Psychologist’s Tips

The beginning of the pre-school education is one of the key developmental milestones for a little child. It means changing the daily routine, staying out all day long in unfamiliar surroundings, adapting to the kindergarten and other kids’ needs. All this is very important but sometimes may seem to be very hard to two- and three-year olds. Collaboration between parents and teachers usually allows a child to smoothly settle in.

Our psychologist Oktawia Toman

dispels parents’ doubts:

Dear Parent,

You are going to entrust your most valuable treasure – YOUR CHILD – to our care soon. However, before you do that, we encourage you to make your child ready for this new experience and, at the same time, to prepare yourself for changes that are going to take place in your family.It is very important to make sure that before your child starts attending the kindergarten,

    • you yourself accept the fact that the kindergarten is going to take care of your child. It’s natural that you may fear and have doubts at the beginning. Before you make your final decision, think of advantages and disadvantages of this issue bearing in mind at all times your child’s welfare.
    • Make your child and yourself ready for separating. It is going to be hard for a child to settle in at the kindergarten if it was used to being with you all the time. Try to leave your child with other person for a while at the beginning and then gradually for longer periods. Each time before you leave, tell your child when you are going to come back, e.g. “when the hour hand of the clock points to 2”. It is important as this way the child learns that its parent always comes back. You, on the other hand, learn to follow your routine without your kid.
    • Do not threaten your child with the kindergarten. Tell it instead what a great place it is. By telling such stories arouse curiosity in your child and present the kindergarten as a very safe environment of limitless possibilities and as a place to make new friends.
    • Visit the prospective kindergarten with your child several times to get to know the place, its staff and your child carers. For your child a visit to the kindergarten in your presence means that it is a good and safe place.
    • About two weeks before your child starts the kindergarten, tell it what the first day will look like: who is going to bring it to school, how you are going to say goodbye to each other, what the child is going to do at the kindergarten, when you are going to pick it up. Repeat all this over and over again as it gives your child an idea of the new setting and builds its confidence.
  • Tell your child a story where the main hero, like your own child, starts kindergarten. Detail the character’s experiences and adventures. If your child likes the story, tell it again every day.

When your child starts kindergarten:

    • make sure that you have enough time in the morning to get dressed, have breakfast and leave the house. At the beginning, your child may need more time for the daily morning routine. Avoid any tension at that time as the child is quite sensitive to negative emotions and becomes anxious then. Your morning activities must remind of a ritual that may possibly need to include a five-minute play.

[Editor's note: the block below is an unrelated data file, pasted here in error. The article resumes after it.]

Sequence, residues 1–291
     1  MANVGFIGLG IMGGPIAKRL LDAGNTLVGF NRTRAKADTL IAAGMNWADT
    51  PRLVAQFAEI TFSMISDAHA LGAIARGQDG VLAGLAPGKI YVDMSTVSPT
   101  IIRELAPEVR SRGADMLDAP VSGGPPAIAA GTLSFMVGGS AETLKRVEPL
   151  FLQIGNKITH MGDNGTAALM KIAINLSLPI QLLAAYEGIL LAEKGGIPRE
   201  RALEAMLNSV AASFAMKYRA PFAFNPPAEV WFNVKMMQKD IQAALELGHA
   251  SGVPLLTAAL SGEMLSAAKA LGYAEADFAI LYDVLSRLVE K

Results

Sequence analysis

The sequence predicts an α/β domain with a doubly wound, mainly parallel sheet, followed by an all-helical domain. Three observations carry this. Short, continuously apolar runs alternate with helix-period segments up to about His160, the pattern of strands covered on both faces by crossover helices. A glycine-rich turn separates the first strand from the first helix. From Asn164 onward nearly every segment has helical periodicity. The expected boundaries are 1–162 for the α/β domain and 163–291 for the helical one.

• Saying goodbye at the kindergarten must be tender but quick. It would be better, if the child was accompanied to the kindergarten by someone to whom saying goodbye is easier for the child. Tears on the child’s face that appear at the moment of saying goodbye usually disappear as soon as the child enters the playroom. The child forgets about separation and is happy to start playing.
    • On the occasion of starting the kindergarten, you can give your child a present. Your child can also take its teddy or some other toy to make it feel more confident at the kindergarten.
    • Motivate your child to go to the kindergarten by praising it and focusing on its achievements and successes. Emphasise that going to the kindergarten is a kind of privilege.
    • Always keep your word. Do not make appointments with your child according to the clock but rather according to the time of the day or part of the kindergarten schedule of the day, e.g. after lunch, after tea time, after swimming. If you promise to come after tea time, do not be late. Otherwise your child may think that you forgot about it.
    • Properly communicate with the child’s teacher. Do not only ask what your child has eaten today but rather ask whether it has made any progress and/or experiences any difficulties. Discuss it with the teacher and look together for solutions if necessary. Share with the teacher essential information about your child: its strengths and weaknesses, health problems or special diet requirements. Remember that your common goal is your CHILD’S welfare.
    • Let your child become independent. Do not help it to get dressed, put its shoes on or eat. You need to be very patient as learning to be independent is very important to your child.
  • Do not compare your child to others but be happy about its own achievements. This time is as difficult for you as for your child, but it is in great measure up to you how you will both deal with it.